In today’s busy world, some believe that noise can champion many situations, particularly when you look at social media. Not a day goes by that many of us are surprised with the levels of poison that circulates on some social media channels, which is countered by talented new voices.
It is comforting to know that one of the sincerest forms of respect in any relationship is the ability to listen to what another person is saying.
Listening remains a truly magnetic and creative force. Ask yourself over the years, how did you get to know a friend? Was it by listening? Friends who listen are the ones we move toward.
In today’s geopolitical world, when listening, make sure you tune in to the most disturbing of the 21st century populism, polarisation and the post truth world of politics.
We have witnessed the rise of political leaders such as Berlusconi, Bolsonaro, Orban, Erdogan, and best of all Donald Trump. Trump continues to tell us that he won the election while Putin tells us it’s a war when in fact it’s an invasion of Ukraine.
Wisdom is a very powerful asset to gain early on in life and it is achieved from listening to others and making up your own mind at the end of the day.
A recent article has prompted us to write this blog in relation to the power of listening. A journalist once said a “therapist listening carefully and reflecting back what the patient said” is the most effective way to help a person overcome an issue or a problem. The phrase we pick up the most and use is how many people actually “listen carefully”. Two of our favourite books on listening are Daniel Goleman’s ‘Emotional Intelligence’ and ‘The 7 Habits of Highly Effective People’ by Stephen Covey, which he wrote back in 1989.
The ‘The 7 Habits of Highly Effective People’ chronicles ‘The power of listening,’ a vital component in life. As a life lesson, listening is free and should be enjoyed. It is a great payoff to be especially curious in things you are not interested in.
We all ask ourselves why some leaders do not to listen. This is mainly because as Stephen Covey writes, they are thinking about what they are going to say next and particularly because listening is not a skill that many leaders think is important. We have noticed that some leaders tend to feel that they are important because their job is to set out a vision but instead, we found better leaders that actually listen to people and comprehend what is being said to them in order to build a future for an organisation and its teams.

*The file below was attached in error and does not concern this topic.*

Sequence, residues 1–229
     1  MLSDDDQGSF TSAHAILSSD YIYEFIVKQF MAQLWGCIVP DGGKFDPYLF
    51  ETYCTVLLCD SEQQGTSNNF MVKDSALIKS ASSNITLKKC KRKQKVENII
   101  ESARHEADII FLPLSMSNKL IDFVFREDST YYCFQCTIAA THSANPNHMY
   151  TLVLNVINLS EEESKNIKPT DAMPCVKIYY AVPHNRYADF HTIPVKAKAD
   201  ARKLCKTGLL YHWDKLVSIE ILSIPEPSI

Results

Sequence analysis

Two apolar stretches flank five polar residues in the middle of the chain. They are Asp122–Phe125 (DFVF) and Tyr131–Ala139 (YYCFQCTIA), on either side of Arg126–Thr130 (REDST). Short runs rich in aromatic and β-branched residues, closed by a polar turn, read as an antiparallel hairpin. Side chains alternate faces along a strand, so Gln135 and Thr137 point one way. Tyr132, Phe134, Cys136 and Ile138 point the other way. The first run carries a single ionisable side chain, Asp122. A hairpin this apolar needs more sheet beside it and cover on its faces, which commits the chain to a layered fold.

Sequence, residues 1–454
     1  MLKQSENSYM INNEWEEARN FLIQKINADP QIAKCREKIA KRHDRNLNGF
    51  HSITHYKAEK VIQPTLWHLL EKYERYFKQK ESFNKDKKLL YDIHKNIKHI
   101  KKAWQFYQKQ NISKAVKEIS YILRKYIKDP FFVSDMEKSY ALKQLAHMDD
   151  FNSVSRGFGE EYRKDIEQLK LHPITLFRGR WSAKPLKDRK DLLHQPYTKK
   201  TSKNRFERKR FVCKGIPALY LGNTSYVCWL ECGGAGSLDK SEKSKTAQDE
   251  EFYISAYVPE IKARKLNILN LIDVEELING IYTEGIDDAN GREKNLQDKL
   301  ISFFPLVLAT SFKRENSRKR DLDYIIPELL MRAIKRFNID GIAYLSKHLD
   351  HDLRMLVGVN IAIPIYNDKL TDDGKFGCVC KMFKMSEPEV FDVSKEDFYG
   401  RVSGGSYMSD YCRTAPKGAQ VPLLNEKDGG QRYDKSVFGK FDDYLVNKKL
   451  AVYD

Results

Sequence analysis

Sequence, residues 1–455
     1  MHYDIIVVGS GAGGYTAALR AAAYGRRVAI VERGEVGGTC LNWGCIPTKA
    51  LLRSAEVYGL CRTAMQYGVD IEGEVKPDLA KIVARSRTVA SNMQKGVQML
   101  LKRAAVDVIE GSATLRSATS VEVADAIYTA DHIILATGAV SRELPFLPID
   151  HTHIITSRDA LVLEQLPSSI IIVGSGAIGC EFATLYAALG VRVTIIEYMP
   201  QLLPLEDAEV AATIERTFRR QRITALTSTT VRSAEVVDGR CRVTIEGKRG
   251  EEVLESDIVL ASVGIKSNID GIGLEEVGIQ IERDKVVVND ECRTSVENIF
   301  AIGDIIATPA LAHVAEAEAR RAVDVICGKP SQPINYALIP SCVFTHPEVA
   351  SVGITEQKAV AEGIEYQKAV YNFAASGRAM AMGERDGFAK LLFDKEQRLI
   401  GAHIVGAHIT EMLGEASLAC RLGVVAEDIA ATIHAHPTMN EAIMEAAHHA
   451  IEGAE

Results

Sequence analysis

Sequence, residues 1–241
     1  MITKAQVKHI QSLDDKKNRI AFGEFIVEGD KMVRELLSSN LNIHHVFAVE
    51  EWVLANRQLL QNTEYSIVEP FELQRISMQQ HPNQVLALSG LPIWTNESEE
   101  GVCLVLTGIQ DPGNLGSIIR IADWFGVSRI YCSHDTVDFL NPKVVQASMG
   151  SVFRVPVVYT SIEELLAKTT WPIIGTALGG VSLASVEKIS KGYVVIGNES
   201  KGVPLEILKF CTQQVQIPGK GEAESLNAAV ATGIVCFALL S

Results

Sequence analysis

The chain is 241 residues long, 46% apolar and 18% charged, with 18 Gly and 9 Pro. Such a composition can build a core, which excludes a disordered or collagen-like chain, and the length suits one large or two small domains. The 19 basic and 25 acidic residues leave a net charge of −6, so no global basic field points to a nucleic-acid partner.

A leader believes that a team has interesting insights and if you are lucky, the team are bound to have plenty. Many teams we have worked with do excellent work and are proud of their achievements every day. Their knowledge is better than anyone!
For example, if a team member is in procurement, they will know what to buy, the best price, when and where to buy it from trusted suppliers. If they are customer facing, they know intimately what the customer likes and what upsets them. It is essential that a good leader lets their team know that they are interested in their views and experience.
So what separates a manager from a great leader? The simple answer is active listening, allowing a leader to connect to his team and the people around him.
We continue to enjoy working with many successful business, political and civic leaders, many of whom continue to provide us with the best examples of the art of good listening. It is essential to note and address issues that some people may be coping with, such as anxiety, stress, the loss of a loved one, and so on. As the quality of our relationships is essential, the quality of our listening skills and how we move forward in a changing world are essential to carry on in a professional manner.
Whatever our role in our daily work, every one of us is a leader but in order to improve our skills, the circle of influence will enlarge. As my late Mum always insisted on being a good listener in order to do a good job—“when you listen, you learn something new.”